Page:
Kevin Neeld — Hockey Training, Sports Performance, & Sports Science

So You Want to Get Stronger?

Want to get stronger?

I often get questions that start out something like:

“What’s the best way to…?”

The truth is, there is not right answer to this question. The best way to achieve any training goal depends very much on your training history, current training level, and injury history, among other things.

One programming approach to drastically improving strength is high-frequency training. The nervous system adapts to the demands we place on ourselves, such that specific movement patterns are strengthened the more we perform them.

Following this logic, the more we lift specific movements the stronger we’ll get, right? Sort of.

The answer is yes, IF we intelligently alter the intensity and speed of the exercises to allow for recovery. The body is in a continuous state of remodeling, meaning it is constantly breaking down and rebuilding. This goes for bone, muscles, connective tissue (e.g. ligaments and tendons), etc.

High frequency training, or training specific movement patterns 3+ times/week can be a very effective strategy in improving strength quickly. Stay tuned. In the next couple days I’m going to post the program I’ve been using for the last three weeks.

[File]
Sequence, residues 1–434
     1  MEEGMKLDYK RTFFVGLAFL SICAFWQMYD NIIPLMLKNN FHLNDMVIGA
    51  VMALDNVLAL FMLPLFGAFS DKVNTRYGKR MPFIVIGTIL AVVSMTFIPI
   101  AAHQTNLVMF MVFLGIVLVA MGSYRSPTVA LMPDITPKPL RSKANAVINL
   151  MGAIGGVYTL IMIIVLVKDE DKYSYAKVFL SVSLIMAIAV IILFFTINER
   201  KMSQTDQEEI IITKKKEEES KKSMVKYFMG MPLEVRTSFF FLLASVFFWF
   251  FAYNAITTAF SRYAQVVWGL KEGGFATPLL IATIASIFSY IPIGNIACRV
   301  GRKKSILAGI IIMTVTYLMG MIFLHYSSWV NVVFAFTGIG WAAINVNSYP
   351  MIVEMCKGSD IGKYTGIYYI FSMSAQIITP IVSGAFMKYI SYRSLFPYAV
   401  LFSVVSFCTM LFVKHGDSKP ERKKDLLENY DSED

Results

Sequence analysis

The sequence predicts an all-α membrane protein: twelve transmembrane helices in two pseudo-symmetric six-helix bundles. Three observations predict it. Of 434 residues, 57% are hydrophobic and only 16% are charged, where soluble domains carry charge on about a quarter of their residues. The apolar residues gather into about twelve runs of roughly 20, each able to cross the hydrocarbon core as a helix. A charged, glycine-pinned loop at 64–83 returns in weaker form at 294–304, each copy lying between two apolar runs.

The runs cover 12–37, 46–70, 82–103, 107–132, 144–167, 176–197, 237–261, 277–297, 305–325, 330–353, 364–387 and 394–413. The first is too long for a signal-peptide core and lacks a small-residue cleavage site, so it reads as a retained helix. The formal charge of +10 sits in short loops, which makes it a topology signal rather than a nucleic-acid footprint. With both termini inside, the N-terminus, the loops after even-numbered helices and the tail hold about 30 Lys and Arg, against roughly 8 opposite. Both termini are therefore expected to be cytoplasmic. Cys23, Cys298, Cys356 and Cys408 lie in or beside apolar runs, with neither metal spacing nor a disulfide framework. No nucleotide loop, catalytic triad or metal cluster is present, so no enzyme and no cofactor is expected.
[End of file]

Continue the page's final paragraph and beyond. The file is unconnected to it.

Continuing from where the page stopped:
Keep training smart.

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Kevin Neeld

Kevin Neeld Knows Hockey

Kevin has rapidly established himself as a leader in the field of physical preparation and sports science for ice hockey. He is currently the Head Performance Coach for the Boston Bruins, where he oversees all aspects of designing and implementing the team’s performance training program, as well as monitoring the players’ performance, workload and recovery. Prior to Boston, Kevin spent 2 years as an Assistant Strength and Conditioning Coach for the San Jose Sharks after serving as the Director of Performance at Endeavor Sports Performance in Pitman, NJ. He also spent 5 years as a Strength and Conditioning Coach with USA Hockey’s Women’s Olympic Hockey Team, and has been an invited speaker at conferences hosted by the NHL, NSCA, and USA Hockey.